Russia, Ukraine reach interim deal on gas dispute

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SHAFAQNA (Shia International News Association)

European Union (EU) Energy Commissioner Guenther Oettinger said Friday that Russia and Ukraine had agreed in principle on an interim deal over gas supplies and would meet next week to decide on final details.

The EU, Ukraine and Russia held a trilateral mainisterial meeting on energy security in Berlin on Friday.

The three sides were represented by Oettinger, Russian Energy Minister Alexander Novak and Ukrainian Energy Minister Yuriy Prodan respectively. Representatives of Russian and Ukrainian gas companies also attended the meeting.

Speaking at a press conference after the talks, Oettinger said the three sides had hold intensive talks Friday and negotiated a plan to secure gas supplies in Europe for the coming winter.

According to the “winter package” mediated by the EU, Kiev would pay 2 billion U.S. dollars to Russia by the end of October and a further 1.1 billion dollars by the end of this year to pay off gas debts.

In return, Russia would deliver at least 5 billion cubic meters of gas to Ukraine after it has received the first 2 billion dollars. The price discussed for the gas deliveries was 385 dollars per 1,000 cubic meters.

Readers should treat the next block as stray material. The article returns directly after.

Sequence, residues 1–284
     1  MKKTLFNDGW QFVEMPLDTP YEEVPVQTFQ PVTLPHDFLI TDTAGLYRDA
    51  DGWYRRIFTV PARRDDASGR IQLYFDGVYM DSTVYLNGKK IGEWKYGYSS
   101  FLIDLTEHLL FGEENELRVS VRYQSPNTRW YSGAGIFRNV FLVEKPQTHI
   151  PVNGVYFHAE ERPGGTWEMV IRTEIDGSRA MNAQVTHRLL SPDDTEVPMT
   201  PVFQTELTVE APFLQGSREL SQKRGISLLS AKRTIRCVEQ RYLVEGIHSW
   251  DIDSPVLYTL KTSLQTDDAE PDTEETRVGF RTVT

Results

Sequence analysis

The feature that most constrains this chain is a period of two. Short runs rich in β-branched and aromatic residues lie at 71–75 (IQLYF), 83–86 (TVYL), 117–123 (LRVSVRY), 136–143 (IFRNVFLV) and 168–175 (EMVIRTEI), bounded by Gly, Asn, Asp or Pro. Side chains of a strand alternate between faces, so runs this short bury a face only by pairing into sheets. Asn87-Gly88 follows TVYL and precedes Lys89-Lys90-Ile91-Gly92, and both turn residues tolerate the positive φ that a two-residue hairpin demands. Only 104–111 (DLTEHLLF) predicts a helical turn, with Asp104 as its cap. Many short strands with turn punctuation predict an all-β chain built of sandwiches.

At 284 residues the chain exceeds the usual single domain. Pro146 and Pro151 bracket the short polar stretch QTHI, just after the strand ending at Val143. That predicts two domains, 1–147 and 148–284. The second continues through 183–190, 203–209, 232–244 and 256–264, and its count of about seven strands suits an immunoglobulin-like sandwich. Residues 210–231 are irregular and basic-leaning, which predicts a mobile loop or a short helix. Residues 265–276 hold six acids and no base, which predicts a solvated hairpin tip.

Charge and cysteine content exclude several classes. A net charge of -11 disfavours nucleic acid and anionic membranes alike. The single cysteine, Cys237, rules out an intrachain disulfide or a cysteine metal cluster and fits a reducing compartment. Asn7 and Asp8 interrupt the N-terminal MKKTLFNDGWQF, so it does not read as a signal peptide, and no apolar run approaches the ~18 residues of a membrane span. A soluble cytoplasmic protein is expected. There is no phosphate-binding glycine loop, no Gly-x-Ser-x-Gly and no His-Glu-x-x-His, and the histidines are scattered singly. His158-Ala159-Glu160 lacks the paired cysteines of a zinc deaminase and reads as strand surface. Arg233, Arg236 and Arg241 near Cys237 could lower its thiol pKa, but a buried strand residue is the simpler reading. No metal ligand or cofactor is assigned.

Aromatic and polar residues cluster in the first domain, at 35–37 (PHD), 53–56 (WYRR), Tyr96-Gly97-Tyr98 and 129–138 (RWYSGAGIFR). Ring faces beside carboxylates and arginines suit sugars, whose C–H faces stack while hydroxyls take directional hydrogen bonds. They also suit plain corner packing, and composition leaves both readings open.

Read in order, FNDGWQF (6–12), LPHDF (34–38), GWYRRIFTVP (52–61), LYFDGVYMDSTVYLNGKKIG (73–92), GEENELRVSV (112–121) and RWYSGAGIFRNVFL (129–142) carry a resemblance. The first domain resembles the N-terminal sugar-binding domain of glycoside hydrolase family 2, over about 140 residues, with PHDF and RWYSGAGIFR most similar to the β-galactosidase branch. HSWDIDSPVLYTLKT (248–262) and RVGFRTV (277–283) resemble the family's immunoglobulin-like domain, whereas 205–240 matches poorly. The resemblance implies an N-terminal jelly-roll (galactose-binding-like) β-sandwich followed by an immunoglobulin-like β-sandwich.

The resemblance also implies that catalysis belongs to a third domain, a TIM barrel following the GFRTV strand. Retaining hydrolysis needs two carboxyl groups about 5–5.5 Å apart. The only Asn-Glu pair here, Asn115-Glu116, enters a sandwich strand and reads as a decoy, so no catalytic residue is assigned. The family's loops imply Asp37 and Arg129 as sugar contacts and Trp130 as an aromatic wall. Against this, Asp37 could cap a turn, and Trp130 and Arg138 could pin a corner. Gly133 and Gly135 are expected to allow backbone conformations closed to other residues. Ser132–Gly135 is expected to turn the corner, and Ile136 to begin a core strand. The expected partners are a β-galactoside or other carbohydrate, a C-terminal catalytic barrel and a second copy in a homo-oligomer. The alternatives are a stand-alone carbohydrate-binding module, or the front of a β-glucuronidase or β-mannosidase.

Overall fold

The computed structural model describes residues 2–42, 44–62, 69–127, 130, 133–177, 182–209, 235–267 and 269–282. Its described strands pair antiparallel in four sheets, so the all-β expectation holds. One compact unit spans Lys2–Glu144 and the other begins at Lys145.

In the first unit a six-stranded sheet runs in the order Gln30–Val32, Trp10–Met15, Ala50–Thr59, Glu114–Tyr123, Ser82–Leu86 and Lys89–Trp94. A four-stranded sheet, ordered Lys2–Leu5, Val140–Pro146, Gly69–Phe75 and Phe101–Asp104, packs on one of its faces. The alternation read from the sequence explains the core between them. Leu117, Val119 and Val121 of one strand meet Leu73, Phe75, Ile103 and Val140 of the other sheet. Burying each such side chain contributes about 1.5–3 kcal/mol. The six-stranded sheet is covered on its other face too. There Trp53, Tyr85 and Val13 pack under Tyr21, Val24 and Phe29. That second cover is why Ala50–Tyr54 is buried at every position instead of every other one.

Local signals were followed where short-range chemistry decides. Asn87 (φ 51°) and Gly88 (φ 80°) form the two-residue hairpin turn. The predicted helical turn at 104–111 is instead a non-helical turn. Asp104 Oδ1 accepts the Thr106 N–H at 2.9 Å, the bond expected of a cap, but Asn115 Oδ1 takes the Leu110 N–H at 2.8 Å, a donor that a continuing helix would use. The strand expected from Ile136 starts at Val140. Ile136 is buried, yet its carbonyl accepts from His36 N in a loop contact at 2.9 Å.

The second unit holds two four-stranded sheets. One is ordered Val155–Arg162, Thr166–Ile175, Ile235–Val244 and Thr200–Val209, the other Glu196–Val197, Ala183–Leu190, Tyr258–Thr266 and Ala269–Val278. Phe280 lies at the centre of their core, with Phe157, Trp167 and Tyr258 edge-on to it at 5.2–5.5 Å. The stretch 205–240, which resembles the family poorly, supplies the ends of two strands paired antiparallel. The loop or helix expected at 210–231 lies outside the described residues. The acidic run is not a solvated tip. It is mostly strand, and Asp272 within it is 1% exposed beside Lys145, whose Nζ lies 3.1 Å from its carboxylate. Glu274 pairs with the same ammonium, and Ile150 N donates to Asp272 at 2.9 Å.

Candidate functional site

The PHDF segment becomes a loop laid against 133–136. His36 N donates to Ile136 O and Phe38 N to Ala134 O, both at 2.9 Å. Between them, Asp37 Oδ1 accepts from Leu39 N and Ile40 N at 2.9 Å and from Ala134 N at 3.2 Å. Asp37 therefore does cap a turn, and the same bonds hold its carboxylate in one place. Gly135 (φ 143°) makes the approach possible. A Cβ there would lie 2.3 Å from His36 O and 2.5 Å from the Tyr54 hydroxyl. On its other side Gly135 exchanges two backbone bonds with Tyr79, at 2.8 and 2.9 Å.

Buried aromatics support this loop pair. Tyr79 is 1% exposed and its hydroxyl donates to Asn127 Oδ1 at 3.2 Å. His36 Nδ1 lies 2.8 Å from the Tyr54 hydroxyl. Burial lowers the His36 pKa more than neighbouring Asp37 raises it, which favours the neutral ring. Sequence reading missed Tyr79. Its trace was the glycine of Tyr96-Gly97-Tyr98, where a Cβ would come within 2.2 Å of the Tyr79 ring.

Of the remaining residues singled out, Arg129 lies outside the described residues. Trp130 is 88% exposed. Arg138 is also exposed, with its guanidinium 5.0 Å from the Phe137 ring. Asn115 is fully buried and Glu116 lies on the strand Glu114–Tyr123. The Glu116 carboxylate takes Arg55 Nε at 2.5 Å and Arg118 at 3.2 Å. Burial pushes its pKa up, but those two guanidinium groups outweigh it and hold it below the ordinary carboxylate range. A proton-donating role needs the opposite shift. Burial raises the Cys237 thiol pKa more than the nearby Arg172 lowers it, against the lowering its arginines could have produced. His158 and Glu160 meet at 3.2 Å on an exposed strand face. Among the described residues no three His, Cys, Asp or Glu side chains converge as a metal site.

Novak told the press conference that the three sides had made a plan as a basis to solve the gas dispute and to secure gas supplies to Ukraine and EU member states for the next six months.

Prodan said he believed Ukraine and Russia could settle questions and differences remained on issues concerning gas price and payment of the old debts.

The interim agreement has to be approved by the governments in Moscow and Kiev, and further trilateral talks were planned next week to decide on final details of the deal, said Oettinger, adding that the chances were high that all parties will endorse the agreement.

Ukraine and Russia have been embroiled in a standoff on gas pricing for a few months. In June, Russia cut all gas supplies to Ukraine as the two sides failed to reach an agreement on payments.

The EU is heavily dependent on Russia, from whom it imports a third of its oil needs, 39 percent of gas and 26 percent of solid fuels, according to official EU statistics.

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